For many scholars, Frank and Fritzie Manuels’ Utopian Thought in the Western World (1979) has been the standard account of the tradition. Though Claeys’s historical narrative is much shorter than their sprawling text, it is both more cogent and more even-handed. It is more cogent in the sense that Claeys is explicit about his interpretive framework, using his account of utopia as enhanced sociability to guide his analysis. It informs the selection of key thinkers, movements, and texts, and gives a clear shape to his interpretation. The Manuels’, on the other hand, open their survey with the remarkable statement that they won’t attempt to define utopia. This lack of conceptual precision colours their selection and coverage, which at times seems arbitrary (Hobbes, for example, is accorded considerable space, without an adequate account of why he should be considered a utopian thinker). Claeys’s analysis is more even-handed in the sense that he provides thorough coverage of the development of utopianism from the early modern period into the present. The Manuels’, on the other hand, let their strong preference for Renaissance, and early modern French, political thinking distort their interpretation; while their account of this material is often impressive, their discussion of utopianism in nineteenth and twentieth century Britain and the United States is notably thin and uneven. Finally, there is an important difference in methodology. Claeys adopts a contextualist approach, of the kind now familiar to historians of political thought, while the Manuels’ often (though inconsistently) rely on psychological, and sometimes psychoanalytic, explanations to account for how the thinking of particular individuals developed and the form it assumed. Overall, then, Claeys offers a more balanced account of the development of utopianism across different national contexts, as well as the interplay between them. Utopianism for a Dying Planet is the book I would recommend to scholars and students seeking to understand the historical development of modern Euro-American utopian political thought.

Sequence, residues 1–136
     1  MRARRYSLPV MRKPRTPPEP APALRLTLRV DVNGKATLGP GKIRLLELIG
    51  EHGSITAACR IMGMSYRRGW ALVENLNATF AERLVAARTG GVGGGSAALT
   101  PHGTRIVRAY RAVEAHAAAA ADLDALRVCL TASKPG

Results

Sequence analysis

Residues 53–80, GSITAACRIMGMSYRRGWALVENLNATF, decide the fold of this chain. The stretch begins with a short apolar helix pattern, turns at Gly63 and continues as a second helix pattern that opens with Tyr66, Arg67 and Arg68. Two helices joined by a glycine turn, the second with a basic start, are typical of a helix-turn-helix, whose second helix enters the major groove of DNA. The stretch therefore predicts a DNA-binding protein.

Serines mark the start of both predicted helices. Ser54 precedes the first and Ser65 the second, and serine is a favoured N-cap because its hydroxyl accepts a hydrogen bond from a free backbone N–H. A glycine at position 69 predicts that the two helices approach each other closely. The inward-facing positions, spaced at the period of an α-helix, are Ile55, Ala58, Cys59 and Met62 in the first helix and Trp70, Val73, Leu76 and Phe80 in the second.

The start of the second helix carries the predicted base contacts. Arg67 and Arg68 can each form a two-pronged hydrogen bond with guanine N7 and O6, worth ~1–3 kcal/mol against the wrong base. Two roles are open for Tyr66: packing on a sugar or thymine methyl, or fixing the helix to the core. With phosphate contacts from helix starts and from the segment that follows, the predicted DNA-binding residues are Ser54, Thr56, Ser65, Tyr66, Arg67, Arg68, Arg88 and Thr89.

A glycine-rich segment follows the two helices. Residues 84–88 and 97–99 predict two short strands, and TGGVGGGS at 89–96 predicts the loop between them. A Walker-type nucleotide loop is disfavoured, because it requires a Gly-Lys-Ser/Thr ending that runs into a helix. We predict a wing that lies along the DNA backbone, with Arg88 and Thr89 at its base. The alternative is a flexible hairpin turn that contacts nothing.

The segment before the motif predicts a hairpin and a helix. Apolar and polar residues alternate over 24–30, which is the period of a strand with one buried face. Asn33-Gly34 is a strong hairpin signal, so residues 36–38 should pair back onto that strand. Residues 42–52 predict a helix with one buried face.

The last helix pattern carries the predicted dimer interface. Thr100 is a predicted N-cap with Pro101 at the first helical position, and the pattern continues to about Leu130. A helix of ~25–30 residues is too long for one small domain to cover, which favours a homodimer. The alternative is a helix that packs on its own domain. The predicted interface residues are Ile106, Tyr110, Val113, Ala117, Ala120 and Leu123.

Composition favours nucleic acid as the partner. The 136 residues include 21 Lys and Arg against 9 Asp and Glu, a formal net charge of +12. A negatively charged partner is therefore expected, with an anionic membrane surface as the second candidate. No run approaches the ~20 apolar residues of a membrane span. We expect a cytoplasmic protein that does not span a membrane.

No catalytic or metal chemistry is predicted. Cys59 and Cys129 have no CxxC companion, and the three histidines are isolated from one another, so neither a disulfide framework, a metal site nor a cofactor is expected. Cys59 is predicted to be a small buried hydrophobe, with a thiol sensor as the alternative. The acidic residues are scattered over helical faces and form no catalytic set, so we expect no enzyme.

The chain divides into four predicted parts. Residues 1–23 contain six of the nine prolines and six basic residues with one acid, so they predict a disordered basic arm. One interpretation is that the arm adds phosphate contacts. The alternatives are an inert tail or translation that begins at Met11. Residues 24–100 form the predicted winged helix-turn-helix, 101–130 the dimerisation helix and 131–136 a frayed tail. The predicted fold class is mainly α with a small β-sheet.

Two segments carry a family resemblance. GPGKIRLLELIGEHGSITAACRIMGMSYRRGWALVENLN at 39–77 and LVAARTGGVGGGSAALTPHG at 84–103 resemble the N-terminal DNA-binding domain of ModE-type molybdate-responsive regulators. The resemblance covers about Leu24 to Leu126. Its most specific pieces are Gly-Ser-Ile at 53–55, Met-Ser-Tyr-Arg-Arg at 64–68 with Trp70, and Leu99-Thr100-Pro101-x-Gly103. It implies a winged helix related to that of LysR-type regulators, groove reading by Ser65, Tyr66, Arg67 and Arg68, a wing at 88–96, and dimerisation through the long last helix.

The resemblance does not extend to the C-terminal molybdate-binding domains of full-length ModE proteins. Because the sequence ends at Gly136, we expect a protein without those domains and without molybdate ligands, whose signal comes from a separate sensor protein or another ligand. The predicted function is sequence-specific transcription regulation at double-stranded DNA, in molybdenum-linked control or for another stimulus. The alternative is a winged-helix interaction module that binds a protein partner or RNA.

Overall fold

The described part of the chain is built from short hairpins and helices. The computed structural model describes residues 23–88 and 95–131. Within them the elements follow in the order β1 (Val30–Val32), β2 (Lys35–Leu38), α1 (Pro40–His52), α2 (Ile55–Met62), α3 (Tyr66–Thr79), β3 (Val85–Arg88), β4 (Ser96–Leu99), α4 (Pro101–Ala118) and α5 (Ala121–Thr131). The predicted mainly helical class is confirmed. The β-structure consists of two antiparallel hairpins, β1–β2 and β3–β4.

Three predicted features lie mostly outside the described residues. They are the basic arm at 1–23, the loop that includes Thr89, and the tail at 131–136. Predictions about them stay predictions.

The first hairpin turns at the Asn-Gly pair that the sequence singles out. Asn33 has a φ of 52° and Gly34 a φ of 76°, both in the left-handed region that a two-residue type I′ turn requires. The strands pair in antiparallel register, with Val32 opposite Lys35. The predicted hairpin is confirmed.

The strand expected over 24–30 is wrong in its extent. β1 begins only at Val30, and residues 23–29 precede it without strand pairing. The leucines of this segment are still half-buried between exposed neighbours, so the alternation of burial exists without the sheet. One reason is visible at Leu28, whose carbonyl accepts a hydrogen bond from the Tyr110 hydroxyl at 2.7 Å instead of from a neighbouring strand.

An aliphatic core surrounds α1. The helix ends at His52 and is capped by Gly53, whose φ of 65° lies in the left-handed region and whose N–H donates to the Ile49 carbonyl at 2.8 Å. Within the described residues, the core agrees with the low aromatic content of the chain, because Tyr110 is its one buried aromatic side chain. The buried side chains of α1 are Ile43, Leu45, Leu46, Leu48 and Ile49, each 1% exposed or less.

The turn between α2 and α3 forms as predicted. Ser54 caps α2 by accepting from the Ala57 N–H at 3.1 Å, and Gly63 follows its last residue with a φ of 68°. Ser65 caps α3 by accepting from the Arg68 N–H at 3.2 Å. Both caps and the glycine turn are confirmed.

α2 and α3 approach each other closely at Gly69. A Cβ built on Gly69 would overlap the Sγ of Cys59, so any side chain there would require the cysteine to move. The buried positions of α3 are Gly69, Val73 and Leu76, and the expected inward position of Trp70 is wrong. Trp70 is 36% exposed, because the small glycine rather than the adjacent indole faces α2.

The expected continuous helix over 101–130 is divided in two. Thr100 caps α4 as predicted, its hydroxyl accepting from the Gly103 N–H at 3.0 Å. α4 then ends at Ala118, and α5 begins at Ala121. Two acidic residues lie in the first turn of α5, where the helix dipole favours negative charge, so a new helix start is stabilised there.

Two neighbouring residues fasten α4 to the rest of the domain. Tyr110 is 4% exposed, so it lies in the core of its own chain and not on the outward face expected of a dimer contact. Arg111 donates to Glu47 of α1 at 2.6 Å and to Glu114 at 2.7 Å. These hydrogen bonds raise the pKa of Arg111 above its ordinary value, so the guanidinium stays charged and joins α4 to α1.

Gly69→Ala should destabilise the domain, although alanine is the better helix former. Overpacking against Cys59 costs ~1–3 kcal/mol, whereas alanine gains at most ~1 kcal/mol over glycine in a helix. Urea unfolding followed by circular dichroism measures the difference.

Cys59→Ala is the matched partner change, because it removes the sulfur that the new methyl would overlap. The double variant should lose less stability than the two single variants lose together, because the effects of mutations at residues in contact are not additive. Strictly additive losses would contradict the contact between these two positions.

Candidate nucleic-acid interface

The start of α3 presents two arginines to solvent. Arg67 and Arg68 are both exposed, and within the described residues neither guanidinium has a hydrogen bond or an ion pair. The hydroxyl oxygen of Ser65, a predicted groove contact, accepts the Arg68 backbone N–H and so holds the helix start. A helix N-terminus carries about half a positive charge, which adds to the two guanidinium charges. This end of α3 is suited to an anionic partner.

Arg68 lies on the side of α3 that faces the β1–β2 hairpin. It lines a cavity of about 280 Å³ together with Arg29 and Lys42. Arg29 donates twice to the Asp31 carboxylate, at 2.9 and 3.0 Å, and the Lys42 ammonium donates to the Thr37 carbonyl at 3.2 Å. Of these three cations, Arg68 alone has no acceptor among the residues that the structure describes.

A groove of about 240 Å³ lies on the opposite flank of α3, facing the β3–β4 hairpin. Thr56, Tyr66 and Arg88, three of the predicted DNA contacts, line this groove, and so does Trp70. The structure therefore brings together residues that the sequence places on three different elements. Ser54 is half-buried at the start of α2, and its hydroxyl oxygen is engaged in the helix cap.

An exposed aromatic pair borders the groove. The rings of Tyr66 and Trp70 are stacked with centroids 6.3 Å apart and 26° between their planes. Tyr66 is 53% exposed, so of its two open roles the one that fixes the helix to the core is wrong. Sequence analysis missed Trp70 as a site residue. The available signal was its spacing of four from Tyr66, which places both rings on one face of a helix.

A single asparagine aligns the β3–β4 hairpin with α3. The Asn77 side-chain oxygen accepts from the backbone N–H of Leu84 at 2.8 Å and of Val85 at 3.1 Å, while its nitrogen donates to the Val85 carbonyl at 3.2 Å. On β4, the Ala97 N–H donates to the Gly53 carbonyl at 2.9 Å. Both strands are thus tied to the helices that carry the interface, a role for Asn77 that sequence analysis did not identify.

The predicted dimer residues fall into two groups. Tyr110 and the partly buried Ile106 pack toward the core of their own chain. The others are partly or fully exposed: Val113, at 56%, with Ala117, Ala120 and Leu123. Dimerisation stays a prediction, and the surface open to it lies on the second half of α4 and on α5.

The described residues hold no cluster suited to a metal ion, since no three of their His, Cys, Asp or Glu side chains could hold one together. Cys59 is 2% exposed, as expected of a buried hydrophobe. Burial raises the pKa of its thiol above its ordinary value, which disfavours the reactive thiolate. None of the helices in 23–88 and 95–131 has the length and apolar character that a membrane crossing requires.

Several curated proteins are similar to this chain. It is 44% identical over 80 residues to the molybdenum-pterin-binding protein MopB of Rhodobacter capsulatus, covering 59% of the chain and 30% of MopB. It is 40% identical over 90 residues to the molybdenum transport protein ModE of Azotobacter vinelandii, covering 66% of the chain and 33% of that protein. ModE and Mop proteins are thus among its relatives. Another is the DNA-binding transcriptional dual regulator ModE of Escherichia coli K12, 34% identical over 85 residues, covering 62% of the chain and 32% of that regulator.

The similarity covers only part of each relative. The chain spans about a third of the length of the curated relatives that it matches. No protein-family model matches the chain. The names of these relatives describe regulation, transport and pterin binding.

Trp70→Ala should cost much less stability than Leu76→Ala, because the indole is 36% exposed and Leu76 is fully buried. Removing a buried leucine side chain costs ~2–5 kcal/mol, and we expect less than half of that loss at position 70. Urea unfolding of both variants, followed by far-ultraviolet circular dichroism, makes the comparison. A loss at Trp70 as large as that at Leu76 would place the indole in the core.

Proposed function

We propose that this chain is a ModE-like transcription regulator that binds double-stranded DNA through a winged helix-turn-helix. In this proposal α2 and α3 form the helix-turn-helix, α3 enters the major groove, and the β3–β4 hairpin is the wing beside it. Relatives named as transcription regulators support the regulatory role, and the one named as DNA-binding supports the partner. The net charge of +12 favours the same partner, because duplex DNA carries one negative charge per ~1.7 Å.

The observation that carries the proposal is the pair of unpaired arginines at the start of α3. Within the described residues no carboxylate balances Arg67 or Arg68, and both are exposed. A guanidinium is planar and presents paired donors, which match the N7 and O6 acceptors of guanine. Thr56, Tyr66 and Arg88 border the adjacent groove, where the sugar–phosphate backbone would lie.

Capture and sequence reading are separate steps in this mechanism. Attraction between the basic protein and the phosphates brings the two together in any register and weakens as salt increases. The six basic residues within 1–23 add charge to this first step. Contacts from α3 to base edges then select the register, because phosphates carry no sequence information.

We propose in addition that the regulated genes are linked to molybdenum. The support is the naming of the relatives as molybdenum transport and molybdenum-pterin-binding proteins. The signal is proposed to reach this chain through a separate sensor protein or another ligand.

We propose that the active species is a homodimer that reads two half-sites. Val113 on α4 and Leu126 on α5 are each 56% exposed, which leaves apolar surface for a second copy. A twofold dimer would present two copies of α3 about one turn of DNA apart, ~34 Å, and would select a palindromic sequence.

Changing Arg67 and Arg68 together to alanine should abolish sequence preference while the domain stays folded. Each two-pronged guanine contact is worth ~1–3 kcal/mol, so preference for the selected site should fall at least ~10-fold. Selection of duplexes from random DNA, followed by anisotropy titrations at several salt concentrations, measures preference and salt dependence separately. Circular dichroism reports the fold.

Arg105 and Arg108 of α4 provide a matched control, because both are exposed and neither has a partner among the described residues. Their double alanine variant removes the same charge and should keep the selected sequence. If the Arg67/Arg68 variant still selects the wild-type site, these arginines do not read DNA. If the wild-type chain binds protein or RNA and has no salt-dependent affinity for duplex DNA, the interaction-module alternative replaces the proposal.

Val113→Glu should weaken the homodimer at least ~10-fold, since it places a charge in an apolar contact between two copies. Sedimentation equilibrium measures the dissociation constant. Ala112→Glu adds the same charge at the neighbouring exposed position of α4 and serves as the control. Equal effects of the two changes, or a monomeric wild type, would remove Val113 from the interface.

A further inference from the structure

At one point Claeys argues that John Stuart Mill should be seen, against conventional readings of his work, as a vital utopian thinker. This is not because of his famed conception of liberty, or even his idiosyncratic commitment to socialism. Rather, it is because he was the first liberal thinker of note to endorse a stationary state model of society, one that cut against the dominant belief (then and now) in the desirability of endless growth as the driver of progress. Claeys’s aim is not to downplay the significance of Marxism, or socialism more broadly, in order to carve out and defend a liberal utopian tradition. He contends that liberalism and socialism have important lessons for contemporary utopianism, but that both traditions need to be superseded, insofar as they largely remain committed to visions of incessant economic growth. (It is a shame, though, that he doesn’t engage with Marxist theorists, such as John Bellamy Foster and Jason W. Moore, who have sought to integrate ecological concerns into the tradition). The need to move beyond existing ideological positions is something that Claeys makes clear in his discussion of post-consumerism in the final part of the book. He sketches a large number of suggestions, ranging from the modest to the transformative, to both limit the damage that humans are doing to the environment and to foment a greater sense of belonging and enhanced sociability. Many of these are inspired by the utopian tradition, from the elimination of concentrations of wealth and the communal ownership of (much) property, a four-day week, universal basic income, and free healthcare, through to subsidizing festivals and providing free public transport to encourage communal belonging and counter social alienation. Claeys mixes a catalogue of prescriptions for socio-economic and political reform, moving far beyond the limits of a Green New Deal, with what he calls a “neo-Fourierist” desire to encourage enjoyment of being together with others. He does not think there is a single key to unlocking a sustainable future; rather, building a more equitable and enriching life together will require transformation on multiple levels, from individual subjectivity to global political and economic institutions. He is aware that this is a very tall order and may prove impossible to realize. But, Claeys insists, if we don’t change humanity will surely be doomed by carelessness and greed. We face a stark choice: utopia or catastrophe.